This could also be the first major holiday where Americans would gather to celebrate a national holiday after the COVID-19 pandemic locked everyone indoors.
The United States Senate on Tuesday passed a bill to make June 19 a federal holiday in honor of Juneteenth, the day that marked the end of slavery in the country. The bill was ratified by the Democrats and Republicans unanimously, a significant development for the nation in recent times when it has been difficult getting politicians with different allegiances to agree on something.
Efforts to pass the bill had failed last year when it was objected to by Senator Ron Johnson, a Republican from Wisconsin, as he said it would cost the federal government millions of dollars to add another holiday to the calendar to be paid for by them, the BBC reported.
While the House, led by the Democrats, is yet to give the measure a go ahead, it is all but certain to pass.
"Making Juneteenth a federal holiday is a major step forward to recognize the wrongs of the past, but we must continue to work to ensure equal justice and fulfill the promise of the Emancipation Proclamation and our Constitution," the Democratic leader of the Senate, Charles Schumer, said.
Juneteenth marks the day in 1865 when Black people who had been enslaved in Texas were told that they had been freed. It was the last Confederate state to have the proclamation announced. The state also became the first to observe Juneteenth as an official holiday in 1980.
In the 19th century when the American Civil War ended, U.S. Army General, Gordon Grainger, formally informed enslaved Black people in the town of Galveston that the war was over. Since then, nearly all American states have recognized Juneteenth as a holiday, either officially or unofficially.
Louisiana unanimously passed the bill that makes Juneteenth an official state holiday! pic.twitter.com/87irVmKDAe— Pandemic P Publicist (@iamkingdwayne) June 8, 2021
President Abraham Lincoln in 1863 had enacted the Emancipation Proclamation under which the slaves had been freed. Under it, all enslaved people in Confederate states in rebellion against the Union “shall be then, thenceforward, and forever free,” according to history.com.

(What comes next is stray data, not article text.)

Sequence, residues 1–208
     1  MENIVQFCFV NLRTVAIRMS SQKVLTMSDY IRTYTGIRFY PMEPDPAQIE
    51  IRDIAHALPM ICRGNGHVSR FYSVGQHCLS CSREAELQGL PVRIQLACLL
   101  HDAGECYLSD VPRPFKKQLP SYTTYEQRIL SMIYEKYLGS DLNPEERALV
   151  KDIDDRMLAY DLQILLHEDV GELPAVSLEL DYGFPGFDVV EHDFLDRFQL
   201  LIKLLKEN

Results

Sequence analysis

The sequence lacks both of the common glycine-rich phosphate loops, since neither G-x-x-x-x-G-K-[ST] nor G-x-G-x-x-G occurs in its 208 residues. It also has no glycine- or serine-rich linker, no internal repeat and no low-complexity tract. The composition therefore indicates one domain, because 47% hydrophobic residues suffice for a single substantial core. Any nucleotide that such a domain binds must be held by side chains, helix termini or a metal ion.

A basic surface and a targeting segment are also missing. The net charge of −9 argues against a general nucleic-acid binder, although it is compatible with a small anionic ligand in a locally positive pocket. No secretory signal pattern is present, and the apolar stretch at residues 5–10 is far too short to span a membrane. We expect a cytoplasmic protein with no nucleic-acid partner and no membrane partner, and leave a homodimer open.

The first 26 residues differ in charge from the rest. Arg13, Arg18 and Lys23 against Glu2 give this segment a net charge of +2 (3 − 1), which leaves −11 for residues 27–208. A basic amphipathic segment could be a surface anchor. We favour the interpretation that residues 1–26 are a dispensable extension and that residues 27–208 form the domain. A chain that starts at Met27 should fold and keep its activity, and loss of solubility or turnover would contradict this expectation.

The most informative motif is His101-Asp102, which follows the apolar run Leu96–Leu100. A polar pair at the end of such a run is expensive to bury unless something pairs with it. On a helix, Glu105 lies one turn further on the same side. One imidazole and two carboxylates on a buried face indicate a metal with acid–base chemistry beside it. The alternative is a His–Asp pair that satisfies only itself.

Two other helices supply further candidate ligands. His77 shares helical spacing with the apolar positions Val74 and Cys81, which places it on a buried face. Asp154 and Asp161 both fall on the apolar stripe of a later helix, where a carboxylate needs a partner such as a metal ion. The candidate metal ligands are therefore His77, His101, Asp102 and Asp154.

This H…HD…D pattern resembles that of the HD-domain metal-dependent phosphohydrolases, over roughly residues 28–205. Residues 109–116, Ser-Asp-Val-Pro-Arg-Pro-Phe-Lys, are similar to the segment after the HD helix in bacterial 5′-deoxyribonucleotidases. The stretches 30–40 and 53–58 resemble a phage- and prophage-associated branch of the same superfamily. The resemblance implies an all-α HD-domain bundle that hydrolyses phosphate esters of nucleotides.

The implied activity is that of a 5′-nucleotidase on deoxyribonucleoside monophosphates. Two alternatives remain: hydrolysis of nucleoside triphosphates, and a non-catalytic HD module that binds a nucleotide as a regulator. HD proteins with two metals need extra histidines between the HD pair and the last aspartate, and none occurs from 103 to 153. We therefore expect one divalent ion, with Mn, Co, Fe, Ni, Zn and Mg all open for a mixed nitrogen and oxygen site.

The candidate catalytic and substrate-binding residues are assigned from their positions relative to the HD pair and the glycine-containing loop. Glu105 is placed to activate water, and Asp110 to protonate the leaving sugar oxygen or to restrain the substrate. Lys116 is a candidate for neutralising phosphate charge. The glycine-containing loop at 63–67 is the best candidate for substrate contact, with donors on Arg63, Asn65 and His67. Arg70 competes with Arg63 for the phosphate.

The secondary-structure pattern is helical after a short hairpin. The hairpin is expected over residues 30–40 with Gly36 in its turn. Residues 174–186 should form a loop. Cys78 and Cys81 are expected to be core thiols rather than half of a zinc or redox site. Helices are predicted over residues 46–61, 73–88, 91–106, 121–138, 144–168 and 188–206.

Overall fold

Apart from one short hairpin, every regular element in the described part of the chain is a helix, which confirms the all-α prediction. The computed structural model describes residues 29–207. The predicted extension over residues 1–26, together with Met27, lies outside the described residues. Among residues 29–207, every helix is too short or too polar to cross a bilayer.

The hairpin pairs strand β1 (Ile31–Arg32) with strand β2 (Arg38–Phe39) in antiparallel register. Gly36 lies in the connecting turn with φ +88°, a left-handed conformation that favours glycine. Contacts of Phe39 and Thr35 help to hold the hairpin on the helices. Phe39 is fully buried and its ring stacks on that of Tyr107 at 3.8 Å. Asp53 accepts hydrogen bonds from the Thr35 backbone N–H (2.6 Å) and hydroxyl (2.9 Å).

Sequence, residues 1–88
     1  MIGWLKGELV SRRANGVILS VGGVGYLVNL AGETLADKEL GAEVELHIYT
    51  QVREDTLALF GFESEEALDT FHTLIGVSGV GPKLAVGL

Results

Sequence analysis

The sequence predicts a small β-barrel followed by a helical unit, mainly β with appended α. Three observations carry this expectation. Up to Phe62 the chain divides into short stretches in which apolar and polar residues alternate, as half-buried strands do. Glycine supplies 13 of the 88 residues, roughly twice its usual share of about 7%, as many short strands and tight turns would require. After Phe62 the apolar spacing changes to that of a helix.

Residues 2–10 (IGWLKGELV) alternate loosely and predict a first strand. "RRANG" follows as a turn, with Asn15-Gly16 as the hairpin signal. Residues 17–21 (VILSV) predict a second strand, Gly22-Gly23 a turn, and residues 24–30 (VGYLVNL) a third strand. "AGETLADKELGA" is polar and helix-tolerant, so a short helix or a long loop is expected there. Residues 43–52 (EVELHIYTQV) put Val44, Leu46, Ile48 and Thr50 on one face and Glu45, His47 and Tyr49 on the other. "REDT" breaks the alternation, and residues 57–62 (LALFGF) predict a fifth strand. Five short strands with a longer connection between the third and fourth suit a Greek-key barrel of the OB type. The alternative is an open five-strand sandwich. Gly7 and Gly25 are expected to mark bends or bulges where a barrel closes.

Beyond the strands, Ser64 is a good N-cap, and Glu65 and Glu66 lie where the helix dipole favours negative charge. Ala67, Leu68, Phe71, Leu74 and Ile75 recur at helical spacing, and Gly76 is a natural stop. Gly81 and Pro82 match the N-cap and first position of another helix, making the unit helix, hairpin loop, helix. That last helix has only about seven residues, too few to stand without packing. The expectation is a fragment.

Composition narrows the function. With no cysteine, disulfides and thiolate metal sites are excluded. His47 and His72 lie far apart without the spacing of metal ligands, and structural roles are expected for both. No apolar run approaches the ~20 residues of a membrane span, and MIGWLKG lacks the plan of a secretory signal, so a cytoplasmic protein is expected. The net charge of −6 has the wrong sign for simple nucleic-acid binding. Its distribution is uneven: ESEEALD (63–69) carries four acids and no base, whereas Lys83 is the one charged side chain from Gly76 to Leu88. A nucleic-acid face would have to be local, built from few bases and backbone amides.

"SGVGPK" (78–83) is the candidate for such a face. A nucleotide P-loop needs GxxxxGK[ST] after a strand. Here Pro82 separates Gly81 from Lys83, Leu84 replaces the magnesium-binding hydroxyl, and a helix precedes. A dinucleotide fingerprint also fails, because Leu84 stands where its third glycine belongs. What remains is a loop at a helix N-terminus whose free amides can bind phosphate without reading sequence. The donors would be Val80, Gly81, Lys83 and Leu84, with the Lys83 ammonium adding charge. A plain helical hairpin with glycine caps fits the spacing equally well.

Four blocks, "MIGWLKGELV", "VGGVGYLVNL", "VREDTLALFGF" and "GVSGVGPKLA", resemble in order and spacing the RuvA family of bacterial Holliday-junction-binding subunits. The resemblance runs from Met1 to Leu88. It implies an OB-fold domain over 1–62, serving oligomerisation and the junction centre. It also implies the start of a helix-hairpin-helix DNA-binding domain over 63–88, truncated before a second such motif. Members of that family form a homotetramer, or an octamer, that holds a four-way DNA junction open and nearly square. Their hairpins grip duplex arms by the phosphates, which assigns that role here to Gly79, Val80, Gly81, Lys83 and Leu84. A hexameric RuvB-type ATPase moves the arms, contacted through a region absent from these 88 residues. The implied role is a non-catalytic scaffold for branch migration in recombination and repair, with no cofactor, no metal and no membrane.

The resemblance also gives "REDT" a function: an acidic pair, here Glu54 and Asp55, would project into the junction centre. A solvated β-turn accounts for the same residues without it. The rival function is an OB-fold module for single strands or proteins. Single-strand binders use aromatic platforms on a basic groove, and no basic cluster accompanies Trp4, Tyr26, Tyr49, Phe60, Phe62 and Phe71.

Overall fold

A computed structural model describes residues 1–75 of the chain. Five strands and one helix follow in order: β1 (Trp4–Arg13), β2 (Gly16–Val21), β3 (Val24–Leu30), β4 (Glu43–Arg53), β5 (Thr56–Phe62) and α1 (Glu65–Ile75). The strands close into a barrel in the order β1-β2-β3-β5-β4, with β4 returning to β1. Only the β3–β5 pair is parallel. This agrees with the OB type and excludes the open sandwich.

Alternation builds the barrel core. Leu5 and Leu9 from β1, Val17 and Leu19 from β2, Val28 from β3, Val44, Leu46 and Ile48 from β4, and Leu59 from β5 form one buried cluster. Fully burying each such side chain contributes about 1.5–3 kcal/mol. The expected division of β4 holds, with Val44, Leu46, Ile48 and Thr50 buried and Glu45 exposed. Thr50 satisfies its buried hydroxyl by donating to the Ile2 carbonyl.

Once the news spread, celebrations broke out among many of the Black people, and thus, Juneteenth was born. In December 1865, slavery in America was formally abolished with the adoption of the 13th Amendment.
In Texas—which had been considered a safe haven for slavery—enslavement had continued as the state did not face any large-scale fighting or a significant presence of Union troops. Confederate General Robert E. Lee had surrendered two months before Juneteenth in Virginia, but slavery had remained relatively unaffected in Texas until Granger read out the order.
Hawaii passed legislation on April 27, 2021, to recognize Juneteenth, but it is unclear whether the governor signed the bill into law. South Dakota still has not recognized the holiday, USA Today said.
The celebrations this year would also mark two significant events of the past year. Millions of Americans took to the streets in response to the deaths of George Floyd, Breonna Taylor, and other Black Americans to protest racial injustice last summer.
This could also be the first major holiday where Americans would gather to celebrate a national holiday after the COVID-19 pandemic locked everyone indoors. Vaccinations are in full swing under President Joe Biden’s administration. Nearly one out of two Americans have received at least one dose of a coronavirus vaccine as of May 25, while half the citizens above the age of 18 in the country have been fully vaccinated, Reuters reported.
Republican Senator John Cornyn, from Texas, welcomed the bill's passage on Tuesday in a tweet. "Now more than ever, we need to learn from our history and continue to form a more perfect union," he said.
In pop culture, celebrations for the day have been seen in TV shows including Black-ish and Atlanta. And the day also has its own flag for celebrations.
The original Juneteenth flag was created in 1997 by Ben Haith, the founder of the National Juneteenth Celebration Foundation. However, since then the flag has undergone many changes. The flag underwent revisions in 2000 and the date "June 19, 1865," was added in 2007.
Happy Flag Day! We’re celebrating with the Official Juneteenth Flag! pic.twitter.com/NDXs7ufLLy— Juneteenth Unityfest (@JuneteenthUnity) June 14, 2021
Representative Cover Image Source: Getty Images/elladoro